Katy Bourne

The Day We Lost Everything

POSTED ON January 22, 2011 | POSTED IN: My Blog | 35 Comments

January 22, 1992.

My most vivid memory from that day was of standing completely naked in my living room. The scene around me was frenetic and chaotic, but I remember feeling like I was in slow motion. It was early in the morning, maybe around 5:30am or so. The front door was wide open. It was frigid out and dark. I remember the flashing lights from the firetruck and ambulance in front of the house. I can still see the firemen walking into the house with their heavy coats and crackling radios. (I would learn later that fireman are always first to arrive whenever a 911 call is made, even if there’s not a fire.) My best friend Lisa was grabbing clothes and stuffing them into a bag. I think my mother was helping her. My husband Charlie was doing something in the back of the house. The midwives were speaking to the medics in hushed tones. Everyone was talking about me but nobody was talking to me. I recall that someone, maybe Lisa, wrapped a robe around me. They wouldn’t allow anyone to ride in the ambulance with me. I have a specific memory of asking one of the medics to please stay present with me through the contractions. I remember how the driver hauled ass through the early morning streets. I can still see the team of people waiting for me at Swedish hospital and I can still hear, with excruciating clarity, the words of the attending physician: I am gravely concerned about your baby.

The rest of my memories are in fragments: little vignettes from a story that was at first horrific and then unbearably sad. I remember coming out of the anesthesia. The feeling was like swimming to the surface of black water.  Charlie’s face was the first thing I saw. Before he could say anything, I knew intuitively that my baby was a boy and that he had died. Beyond these, my recollections are like snapshots. I remember the colors and the scents of the flowers that filled my hospital room. I remember the high fevers from the post-delivery infection. I remember the nurse binding my breasts so as to stop the flow of milk. My body was so sick and so confused. I don’t know how many days I was in the hospital. My sister Martha flew in immediately, as did my father. It was the only time I ever saw my father cry.

We are the homebirth horror story. After some 14 or so hours of labor, my midwives were  suddenly unable to detect my baby’s heartbeat. We learned after the fact that our son had been in a footling breach presentation and that his dangling foot had become tangled in the umbilical cord. (Our midwives made some egregious errors. While I am not interested in debating the pros and cons of homebirth, I do believe that if we’d been in the hospital from the start, I would not be writing this post.)  At the hospital, I underwent an emergency C-section. A team of a dozen or more people worked frantically to revive one tiny boy: my son. But he slipped away from all of us. We named him “Zeppo.”  During one particularly nauseous weekend early in the pregnancy, Charlie and I holed up and watched a Marx Brothers film festival on TV. After that, we started calling the little person growing inside of me Zeppo.  After he was born, Charlie felt strongly that we shouldn’t change his name. Zeppo is the name on his birth certificate and it is the name tattooed on my right ankle.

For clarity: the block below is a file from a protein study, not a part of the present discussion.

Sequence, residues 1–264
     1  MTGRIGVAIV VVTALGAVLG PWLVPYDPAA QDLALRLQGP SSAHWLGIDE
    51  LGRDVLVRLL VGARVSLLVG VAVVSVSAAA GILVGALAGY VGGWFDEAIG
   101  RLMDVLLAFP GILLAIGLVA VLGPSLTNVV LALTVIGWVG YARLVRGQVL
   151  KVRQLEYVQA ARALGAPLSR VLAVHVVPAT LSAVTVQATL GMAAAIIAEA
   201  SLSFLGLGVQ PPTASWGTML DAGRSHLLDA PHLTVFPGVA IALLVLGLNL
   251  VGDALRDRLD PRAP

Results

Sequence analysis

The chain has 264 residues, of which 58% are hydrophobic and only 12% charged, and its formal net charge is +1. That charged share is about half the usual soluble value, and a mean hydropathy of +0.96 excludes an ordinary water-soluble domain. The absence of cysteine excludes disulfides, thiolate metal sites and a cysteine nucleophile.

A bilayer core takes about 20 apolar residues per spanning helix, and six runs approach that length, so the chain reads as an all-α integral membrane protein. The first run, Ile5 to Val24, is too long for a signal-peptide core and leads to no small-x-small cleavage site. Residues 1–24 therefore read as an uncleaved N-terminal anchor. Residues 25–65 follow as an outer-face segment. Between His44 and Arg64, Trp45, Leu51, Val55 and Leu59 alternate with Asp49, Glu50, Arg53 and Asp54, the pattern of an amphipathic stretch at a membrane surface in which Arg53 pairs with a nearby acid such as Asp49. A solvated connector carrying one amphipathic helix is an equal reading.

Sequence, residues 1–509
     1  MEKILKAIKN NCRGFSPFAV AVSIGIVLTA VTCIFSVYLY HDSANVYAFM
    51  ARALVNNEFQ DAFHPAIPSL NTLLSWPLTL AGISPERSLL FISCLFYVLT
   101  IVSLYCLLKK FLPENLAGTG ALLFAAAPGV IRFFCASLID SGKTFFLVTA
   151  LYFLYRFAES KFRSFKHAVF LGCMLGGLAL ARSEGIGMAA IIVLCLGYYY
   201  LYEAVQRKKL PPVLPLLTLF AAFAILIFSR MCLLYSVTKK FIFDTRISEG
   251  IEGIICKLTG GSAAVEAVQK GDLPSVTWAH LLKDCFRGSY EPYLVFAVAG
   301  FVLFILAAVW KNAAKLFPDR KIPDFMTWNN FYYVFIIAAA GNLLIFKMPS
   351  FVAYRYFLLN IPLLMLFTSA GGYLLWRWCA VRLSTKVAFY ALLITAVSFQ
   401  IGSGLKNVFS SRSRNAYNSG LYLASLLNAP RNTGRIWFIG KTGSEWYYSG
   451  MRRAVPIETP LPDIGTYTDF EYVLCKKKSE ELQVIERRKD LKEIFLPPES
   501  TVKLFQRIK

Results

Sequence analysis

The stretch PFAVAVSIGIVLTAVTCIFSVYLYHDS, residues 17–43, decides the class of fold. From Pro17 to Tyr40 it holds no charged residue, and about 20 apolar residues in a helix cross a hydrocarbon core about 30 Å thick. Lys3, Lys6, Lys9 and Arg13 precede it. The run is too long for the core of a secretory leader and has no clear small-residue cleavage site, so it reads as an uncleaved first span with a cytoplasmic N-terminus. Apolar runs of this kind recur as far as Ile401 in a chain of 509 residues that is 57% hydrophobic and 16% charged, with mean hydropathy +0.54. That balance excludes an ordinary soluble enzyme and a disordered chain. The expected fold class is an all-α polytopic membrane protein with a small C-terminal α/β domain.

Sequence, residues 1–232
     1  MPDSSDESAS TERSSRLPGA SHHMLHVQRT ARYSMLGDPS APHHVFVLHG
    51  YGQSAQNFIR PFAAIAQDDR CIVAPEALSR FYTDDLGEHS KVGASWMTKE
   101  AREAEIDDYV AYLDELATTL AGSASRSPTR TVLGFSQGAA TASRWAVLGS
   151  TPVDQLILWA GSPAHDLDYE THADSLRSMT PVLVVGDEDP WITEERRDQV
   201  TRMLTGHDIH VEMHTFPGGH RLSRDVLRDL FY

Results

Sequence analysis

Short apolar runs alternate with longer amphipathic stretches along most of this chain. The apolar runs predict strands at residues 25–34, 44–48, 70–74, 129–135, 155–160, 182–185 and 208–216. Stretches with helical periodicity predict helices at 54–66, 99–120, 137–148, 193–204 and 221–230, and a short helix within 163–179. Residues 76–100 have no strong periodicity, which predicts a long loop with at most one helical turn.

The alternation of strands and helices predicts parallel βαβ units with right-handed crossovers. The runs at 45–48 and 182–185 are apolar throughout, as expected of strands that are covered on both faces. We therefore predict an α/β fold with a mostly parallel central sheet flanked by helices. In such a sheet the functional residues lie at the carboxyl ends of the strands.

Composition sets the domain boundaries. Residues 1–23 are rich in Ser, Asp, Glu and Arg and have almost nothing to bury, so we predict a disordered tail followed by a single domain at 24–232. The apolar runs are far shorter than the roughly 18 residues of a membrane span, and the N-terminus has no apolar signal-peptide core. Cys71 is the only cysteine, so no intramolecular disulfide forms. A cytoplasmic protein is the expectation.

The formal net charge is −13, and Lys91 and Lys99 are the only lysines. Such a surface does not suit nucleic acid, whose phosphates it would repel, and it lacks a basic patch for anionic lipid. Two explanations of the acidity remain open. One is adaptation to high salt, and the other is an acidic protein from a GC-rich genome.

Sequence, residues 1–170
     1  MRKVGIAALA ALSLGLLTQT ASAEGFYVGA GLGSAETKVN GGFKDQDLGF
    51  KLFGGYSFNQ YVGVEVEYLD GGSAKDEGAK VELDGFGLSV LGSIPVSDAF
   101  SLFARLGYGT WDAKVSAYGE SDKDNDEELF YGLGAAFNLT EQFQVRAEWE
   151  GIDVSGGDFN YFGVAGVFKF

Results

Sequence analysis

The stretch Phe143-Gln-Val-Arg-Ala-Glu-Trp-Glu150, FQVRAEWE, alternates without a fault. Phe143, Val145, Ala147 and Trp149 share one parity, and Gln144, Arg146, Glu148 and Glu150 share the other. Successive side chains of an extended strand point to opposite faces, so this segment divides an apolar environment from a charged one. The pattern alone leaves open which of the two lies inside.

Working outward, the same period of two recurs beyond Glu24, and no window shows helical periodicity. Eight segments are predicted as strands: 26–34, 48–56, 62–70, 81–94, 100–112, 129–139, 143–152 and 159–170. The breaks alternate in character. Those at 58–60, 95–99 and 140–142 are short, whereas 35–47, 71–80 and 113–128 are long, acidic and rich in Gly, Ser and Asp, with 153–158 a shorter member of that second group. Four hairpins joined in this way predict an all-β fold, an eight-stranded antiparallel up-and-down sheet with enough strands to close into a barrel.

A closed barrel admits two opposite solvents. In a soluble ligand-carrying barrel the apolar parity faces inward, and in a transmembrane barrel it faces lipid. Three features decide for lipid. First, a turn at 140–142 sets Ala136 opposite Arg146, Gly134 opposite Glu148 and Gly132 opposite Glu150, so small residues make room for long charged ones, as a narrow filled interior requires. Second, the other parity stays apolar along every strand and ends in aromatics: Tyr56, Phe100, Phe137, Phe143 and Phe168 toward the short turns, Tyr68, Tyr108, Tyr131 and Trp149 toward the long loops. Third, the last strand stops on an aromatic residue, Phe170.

Poppies from Zeppo’s garden.

After I finally got out of the hospital, we had a memorial of sorts at our house. Friends came bearing food, love and packets of seeds of their favorite flowers. When spring came, we planted a sizable garden. I would spend most of the next six months tending the flowers, watering, pulling weeds and nurturing this patch of earth that was to be my salvation. Sometimes when the pain was too much to bear, I would get on my knees, dig my hands into the dirt and literally hang on for dear life.